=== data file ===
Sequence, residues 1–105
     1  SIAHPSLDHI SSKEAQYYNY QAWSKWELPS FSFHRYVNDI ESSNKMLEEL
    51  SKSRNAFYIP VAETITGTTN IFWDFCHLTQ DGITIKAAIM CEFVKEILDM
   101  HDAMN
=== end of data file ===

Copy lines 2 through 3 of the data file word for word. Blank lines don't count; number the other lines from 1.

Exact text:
     1  SIAHPSLDHI SSKEAQYYNY QAWSKWELPS FSFHRYVNDI ESSNKMLEEL
    51  SKSRNAFYIP VAETITGTTN IFWDFCHLTQ DGITIKAAIM CEFVKEILDM